Democrat MP underlines failures
Civil servants seem detached and banks cannot provide for SME soft loans
Many government stimulus measures failed to actually pay funds to businesses and individuals in need because of overly restrictive conditions and failures by civil servants to understand the needs of the public, says Kanok Wongtrangan, a Democrat Party MP.
Only 128 billion baht from the 500-billion small and medium-size enterprise (SME) soft loan scheme has been disbursed. Mr Kanok said this is largely because of restrictive conditions for the loans and the Bank of Thailand's decision to administer them through commercial banks instead of government banks like SME D Bank and the Government Savings Bank.
He said the SME loan programme that started last April signals the biggest failure of the government's stimulus package measures, which also included cash handouts, travel and hotel vouchers, and consumer spending subsidies.
"The central bank used commercial banks as a mechanism for SMEs, but the package conditions called for commercial banks to return the loans within two years. These banks did not believe SMEs could repay the loans in two years when many were not earning incomes due to the pandemic," said Mr Kanok.
Businesses were also capped at receiving only 20% of their available credit line, meaning even those who received loans got much less than what was needed to weather the economic crisis.
"Another important condition that prevents financial institutions from providing soft loans to SMEs is the institutions must charge interest from SMEs at no more than 2%," said a source from the central bank who requested anonymity.
"The Bank of Thailand will lend to the financial institution at a rate of 0.1%, then the institution will lend to SMEs at a rate of 2%. Although this looks like a positive margin for commercial banks, in truth a bank's operation cost is 2.5%, resulting in banks losing money from these transactions."
However, amendments planned for the Soft Loan Acts remove many of the obstacles, allowing even SMEs with bad debt to seek soft loans. The interest rate for each bank can vary according to the risk of each customer, and is not capped at 2%, the source said.
Soft loans were issued to 75,300 SMEs in Thailand, with an average loan of 1.7 million baht. The Bank of Thailand reported small SMEs made up 76.4% of total soft loan recipients, with a credit limit of under 20 million baht, while 17.3% were mid-sized with credit of 20-100 million, and 6.3% had credit of 100-500 million as of the end of 2019.
The central bank's senior director Suwannee Jatsadasak said the bank plans to extend the application period for the loans because the pandemic is still negatively affecting many SMEs in Thailand.
"Given the new round of infections, the prolonged nature of the outbreak and the wide impact of the crisis, SMEs may need more and a longer time frame for financial assistance," she said.
Initially Ms Suwannee said the Bank of Thailand expected the pandemic crisis would not drag on as long as it has, basing the soft loan conditions on short-term liquidity with a maximum loan period of two years. Smaller SMEs swamped by the first wave of outbreaks were the main targets.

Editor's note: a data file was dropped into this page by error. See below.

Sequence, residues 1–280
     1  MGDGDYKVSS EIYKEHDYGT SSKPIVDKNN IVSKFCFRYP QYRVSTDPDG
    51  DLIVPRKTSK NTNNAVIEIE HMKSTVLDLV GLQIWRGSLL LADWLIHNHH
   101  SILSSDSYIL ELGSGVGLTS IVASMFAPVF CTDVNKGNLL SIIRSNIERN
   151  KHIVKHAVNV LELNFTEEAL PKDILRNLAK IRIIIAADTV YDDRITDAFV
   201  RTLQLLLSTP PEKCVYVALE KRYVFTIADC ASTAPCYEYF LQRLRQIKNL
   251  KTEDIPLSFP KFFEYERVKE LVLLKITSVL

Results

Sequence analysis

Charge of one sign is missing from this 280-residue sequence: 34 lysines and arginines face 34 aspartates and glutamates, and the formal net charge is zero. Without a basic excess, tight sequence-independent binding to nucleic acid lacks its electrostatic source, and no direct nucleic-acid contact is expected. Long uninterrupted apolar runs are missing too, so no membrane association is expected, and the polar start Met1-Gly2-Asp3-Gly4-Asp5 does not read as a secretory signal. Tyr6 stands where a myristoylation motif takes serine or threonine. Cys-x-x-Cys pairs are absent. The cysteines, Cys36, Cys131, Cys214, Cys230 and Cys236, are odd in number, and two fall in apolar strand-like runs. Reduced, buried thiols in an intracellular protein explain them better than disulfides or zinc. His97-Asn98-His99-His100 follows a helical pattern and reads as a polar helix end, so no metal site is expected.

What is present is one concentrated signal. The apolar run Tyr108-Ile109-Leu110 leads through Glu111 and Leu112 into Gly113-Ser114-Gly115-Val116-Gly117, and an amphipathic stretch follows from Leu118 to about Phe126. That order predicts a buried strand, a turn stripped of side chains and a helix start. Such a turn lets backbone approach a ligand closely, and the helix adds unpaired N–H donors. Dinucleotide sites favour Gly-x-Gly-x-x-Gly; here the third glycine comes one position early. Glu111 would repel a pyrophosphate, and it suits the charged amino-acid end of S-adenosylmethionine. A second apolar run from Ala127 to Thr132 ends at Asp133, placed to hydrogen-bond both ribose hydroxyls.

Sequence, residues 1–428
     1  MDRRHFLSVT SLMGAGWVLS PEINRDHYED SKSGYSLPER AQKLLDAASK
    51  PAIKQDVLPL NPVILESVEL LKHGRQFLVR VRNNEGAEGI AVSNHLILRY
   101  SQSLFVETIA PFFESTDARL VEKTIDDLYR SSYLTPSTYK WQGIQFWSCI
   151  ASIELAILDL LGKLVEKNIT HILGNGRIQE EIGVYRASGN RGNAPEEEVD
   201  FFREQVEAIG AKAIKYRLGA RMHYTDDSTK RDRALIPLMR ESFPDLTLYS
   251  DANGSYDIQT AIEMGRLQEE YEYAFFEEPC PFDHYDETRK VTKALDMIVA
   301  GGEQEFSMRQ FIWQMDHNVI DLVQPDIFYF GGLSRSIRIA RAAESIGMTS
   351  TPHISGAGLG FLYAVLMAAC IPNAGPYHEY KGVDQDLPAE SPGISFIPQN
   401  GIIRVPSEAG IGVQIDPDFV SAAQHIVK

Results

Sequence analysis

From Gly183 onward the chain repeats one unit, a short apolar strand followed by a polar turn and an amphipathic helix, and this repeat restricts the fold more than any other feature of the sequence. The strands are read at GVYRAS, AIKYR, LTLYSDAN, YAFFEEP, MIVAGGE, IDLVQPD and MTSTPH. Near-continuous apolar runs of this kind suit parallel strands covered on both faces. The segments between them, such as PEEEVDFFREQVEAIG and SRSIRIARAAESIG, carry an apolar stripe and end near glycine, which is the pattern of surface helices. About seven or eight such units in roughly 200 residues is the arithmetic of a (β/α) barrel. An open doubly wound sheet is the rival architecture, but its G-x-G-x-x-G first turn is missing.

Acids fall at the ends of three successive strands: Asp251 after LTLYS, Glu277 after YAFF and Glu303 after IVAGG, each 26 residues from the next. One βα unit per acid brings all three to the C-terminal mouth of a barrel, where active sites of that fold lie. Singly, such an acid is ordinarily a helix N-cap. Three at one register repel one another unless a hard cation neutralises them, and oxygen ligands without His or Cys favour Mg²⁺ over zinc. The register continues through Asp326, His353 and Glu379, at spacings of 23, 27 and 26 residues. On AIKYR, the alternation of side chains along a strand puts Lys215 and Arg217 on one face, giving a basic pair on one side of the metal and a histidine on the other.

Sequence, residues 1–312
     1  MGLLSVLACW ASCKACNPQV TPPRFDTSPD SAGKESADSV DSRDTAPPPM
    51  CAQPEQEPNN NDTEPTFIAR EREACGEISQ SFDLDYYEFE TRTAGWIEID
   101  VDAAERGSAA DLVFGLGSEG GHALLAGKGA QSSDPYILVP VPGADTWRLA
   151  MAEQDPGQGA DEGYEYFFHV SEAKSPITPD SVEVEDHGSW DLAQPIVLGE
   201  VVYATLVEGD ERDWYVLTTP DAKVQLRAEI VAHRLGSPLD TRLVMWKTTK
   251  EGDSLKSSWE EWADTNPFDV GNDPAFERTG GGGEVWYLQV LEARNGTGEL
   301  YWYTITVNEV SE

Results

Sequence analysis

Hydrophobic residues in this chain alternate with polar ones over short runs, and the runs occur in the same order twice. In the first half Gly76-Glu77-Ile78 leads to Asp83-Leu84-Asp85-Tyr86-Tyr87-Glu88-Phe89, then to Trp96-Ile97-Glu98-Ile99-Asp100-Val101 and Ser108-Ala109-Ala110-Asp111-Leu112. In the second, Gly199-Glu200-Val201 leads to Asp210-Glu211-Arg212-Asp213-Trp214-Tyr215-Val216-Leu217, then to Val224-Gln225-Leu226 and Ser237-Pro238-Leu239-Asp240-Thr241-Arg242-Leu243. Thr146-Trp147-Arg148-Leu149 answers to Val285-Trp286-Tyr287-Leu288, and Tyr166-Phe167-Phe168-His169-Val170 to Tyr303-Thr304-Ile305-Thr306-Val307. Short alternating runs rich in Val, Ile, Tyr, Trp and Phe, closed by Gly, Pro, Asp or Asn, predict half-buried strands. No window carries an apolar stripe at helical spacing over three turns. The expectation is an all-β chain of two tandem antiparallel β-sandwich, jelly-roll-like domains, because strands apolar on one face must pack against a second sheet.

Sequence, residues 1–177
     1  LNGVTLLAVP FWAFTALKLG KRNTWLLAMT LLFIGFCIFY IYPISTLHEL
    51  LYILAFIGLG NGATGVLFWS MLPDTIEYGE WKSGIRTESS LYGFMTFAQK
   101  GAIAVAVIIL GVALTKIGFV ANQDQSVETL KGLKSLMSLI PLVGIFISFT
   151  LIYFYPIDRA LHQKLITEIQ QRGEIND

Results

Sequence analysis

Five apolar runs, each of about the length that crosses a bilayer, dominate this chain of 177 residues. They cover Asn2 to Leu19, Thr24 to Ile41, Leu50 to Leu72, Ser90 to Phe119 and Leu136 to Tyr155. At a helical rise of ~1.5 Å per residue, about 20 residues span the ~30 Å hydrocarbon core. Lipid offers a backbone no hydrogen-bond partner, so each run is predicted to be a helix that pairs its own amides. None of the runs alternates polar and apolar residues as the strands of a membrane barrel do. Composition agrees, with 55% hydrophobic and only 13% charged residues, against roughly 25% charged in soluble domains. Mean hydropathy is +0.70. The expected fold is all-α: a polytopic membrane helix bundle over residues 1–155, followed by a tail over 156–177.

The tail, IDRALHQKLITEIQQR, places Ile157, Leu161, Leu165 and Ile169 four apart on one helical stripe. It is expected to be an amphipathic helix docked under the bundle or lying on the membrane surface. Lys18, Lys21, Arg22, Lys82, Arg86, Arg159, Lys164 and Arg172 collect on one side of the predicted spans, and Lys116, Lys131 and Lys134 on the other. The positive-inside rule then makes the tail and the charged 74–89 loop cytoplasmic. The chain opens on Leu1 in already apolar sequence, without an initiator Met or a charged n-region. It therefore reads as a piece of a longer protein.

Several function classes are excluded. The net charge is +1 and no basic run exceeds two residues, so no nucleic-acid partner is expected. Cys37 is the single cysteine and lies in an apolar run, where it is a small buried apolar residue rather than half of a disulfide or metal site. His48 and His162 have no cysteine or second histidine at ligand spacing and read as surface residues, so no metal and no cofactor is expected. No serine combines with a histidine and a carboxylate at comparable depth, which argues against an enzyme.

The Finance Ministry, the central bank and other regulatory bodies continue to adjust the 500-billion-baht soft loan scheme to ease conditions. These conditions include SME qualification, interest rates, soft loan maturity, credit guarantee restrictions and other factors, she said.
Despite the recent push to reform the loan programme, Mr Kanok criticised the government for not distributing the funds quickly enough to businesses in need. This meant many enterprises that could have survived the pandemic with access to capital were forced to close.
"Civil servants in Thailand do not understand the needs of people that are desperate," he said. "Recently there were long lines of people at banks for the Rao Chana scheme, and people in the government asked me why so many people queued up today when they have 10 days to register. It's because they need the money now."
Democrat Party politician Kanok Wongtrangan.
An estimated 31 million people are eligible for the Rao Chana (We Win) 7,000-baht cash handout scheme, but many have been unable to sign up through the government's smartphone app.
From Feb 1-23 this year, over 1 million Thais visited financial institutions for help with signing up for the Rao Chana cash handout scheme.
The programme also offers money to those making under 300,000 baht per year with less than 500,000 baht in savings. The government gradually pays 1,000 baht per week to those eligible.
The last payment is scheduled for May 31 and the government has a budget of 2.1 billion baht.
Hundreds of people wait at a Krungthai Bank in Tesco Lotus Bangkapi to register for the We Win scheme.
However, Mr Kanok said not all stimulus programmes have been failures. The 50-50 scheme, where the government subsidises 50% of some purchases for low-income people has eased the financial burden during the crisis, while promoting digital adoption for small businesses and individuals.
He said stimulus spending should instead be directed towards the rural poor, focusing on agriculture and how to improve the incomes of farmers through value-added products and advanced farming practices.
"The existing system allows the rich to take more advantage than the poor," said Mr Kanok. "Our society cannot continue in this direction any further. It needs to restructure through science and technology, primarily in agriculture."